It's a gas: inside a CSG test site

Gerard Pol at the Oakdale CSG test bore. Photo: SYLVIA LIBER
Gerard Pol at the Oakdale CSG test bore. Photo: SYLVIA LIBER

Some have accused the coal seam gas industry of being secretive, conducting its planning process via lobbyists behind closed doors, getting operations approved before people know what’s happening in the paddock next door and keeping as quiet as possible.

Not Gerard Pol.

The 30-year veteran of the petroleum industry has been drilling a coal seam gas (CSG) test bore at Oakdale, 5km from Warragamba Dam, for joint venture partners Apex Energy and Ormil Energy.

Now he’s finished and plugged it with cement, Pol wants to move on to the joint venture’s controversial sites at Darkes Forest, some of which are in water catchment ‘‘special areas’’, to sink some bores there.

And he wants you to know all about it.

An experienced driller and oil field manager, Pol is the exploration manager for both Apex and Ormil, as well as operations manager for Ormil - on top of his regular job as operations manager for Perth-based Focal Petroleum Engineering.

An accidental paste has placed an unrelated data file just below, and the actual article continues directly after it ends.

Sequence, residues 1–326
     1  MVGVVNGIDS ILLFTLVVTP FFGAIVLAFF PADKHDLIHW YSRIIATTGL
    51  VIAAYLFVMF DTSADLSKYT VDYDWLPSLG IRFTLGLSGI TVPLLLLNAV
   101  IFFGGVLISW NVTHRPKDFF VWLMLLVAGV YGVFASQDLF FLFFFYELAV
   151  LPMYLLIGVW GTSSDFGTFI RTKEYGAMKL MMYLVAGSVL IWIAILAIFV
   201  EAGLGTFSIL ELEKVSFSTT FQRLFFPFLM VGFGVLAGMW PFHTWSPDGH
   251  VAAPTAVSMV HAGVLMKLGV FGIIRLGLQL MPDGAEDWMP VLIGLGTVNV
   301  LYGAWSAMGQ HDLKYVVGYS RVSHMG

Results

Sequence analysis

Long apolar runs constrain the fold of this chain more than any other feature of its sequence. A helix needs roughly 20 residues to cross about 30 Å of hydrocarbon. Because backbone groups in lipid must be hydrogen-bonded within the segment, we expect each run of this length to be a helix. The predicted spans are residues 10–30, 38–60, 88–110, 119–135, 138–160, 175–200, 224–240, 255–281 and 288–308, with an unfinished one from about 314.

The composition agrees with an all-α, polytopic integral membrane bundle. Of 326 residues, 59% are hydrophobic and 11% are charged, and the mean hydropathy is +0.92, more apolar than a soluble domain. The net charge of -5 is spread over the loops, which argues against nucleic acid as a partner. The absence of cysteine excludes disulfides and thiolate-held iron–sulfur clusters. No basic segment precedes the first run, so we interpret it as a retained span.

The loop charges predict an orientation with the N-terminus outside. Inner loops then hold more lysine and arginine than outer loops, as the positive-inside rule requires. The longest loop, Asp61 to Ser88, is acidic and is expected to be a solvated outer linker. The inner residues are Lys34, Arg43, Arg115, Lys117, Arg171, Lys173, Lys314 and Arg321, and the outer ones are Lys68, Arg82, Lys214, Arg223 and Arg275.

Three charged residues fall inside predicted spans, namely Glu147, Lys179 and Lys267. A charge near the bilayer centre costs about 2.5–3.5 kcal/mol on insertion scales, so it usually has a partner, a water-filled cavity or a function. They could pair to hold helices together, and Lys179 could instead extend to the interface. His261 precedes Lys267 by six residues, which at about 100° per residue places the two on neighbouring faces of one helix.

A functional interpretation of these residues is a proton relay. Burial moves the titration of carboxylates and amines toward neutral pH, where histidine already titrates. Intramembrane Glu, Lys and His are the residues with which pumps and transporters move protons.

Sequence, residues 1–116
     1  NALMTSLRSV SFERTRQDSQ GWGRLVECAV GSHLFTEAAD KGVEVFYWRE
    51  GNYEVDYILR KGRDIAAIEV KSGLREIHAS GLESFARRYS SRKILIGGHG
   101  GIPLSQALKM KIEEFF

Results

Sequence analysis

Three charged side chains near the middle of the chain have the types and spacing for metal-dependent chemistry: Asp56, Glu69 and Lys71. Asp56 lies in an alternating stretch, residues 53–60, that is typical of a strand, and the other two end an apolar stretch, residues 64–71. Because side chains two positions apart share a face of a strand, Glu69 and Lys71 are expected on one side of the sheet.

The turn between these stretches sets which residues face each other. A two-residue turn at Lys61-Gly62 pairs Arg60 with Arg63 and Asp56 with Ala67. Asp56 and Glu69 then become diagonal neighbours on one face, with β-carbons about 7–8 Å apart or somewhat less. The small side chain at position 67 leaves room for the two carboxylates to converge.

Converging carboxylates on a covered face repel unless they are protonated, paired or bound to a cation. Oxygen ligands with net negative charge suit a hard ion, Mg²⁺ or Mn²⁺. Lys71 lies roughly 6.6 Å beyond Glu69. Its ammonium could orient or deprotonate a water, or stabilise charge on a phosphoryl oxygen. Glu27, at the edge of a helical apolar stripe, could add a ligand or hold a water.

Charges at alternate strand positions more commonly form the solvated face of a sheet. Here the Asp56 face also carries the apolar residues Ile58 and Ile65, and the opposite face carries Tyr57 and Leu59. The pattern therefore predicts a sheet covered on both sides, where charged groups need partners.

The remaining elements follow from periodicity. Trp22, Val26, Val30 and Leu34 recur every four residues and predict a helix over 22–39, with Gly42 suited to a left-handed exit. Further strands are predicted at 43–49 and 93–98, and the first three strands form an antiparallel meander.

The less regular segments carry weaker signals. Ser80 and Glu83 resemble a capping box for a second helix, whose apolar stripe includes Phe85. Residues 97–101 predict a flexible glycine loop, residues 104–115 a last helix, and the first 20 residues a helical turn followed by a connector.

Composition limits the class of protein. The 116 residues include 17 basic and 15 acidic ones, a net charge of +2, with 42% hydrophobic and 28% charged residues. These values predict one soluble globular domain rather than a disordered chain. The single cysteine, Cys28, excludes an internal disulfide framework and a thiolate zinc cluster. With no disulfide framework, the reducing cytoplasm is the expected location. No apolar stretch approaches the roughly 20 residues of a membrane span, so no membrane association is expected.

Pol wants people to know more about the industry, not less, and is confident this will make it more palatable.

To this end, the

Pol is drilling into the Illawarra Coal Measures to test whether there is enough gas - mainly methane - in the coal seam to make for a viable production well.

This involves sending the drill rig about 560m into the ground, through the sandstone to the bottom of the coal seam.




VIDEO: How the CSG exploration process works


Both opponents and proponents of CSG seem sure that if the public knew the full facts, the industry would be either banned (say opponents), or accepted (say the proponents). Of course, it is easier to be open about gas drilling plans once they have been approved by the regulators.

Ormil managing director Tom Fontaine complains about the ‘‘misinformation’’ surrounding CSG. He says there is a coal mining lease located much closer to Warragamba Dam than the CSG test bore, but it draws less attention.

Mr Fontaine portrays coal seam gas as good for the environment, even calling it righteous - but misunderstood.

‘‘We are a small company, and we don’t have to do this project,’’ he said.

‘‘But the facts are: NSW needs the energy, gas is much cleaner than coal, and renewables are not economic yet. This is a righteous and positive project.

Righteous or otherwise, opinions differ. Pol seems to have set Apex and Ormil on a path to more openness about drilling activities. Whether more information will bring more acceptance remains to be seen.

Read the full story in Review in Saturday’s Mercury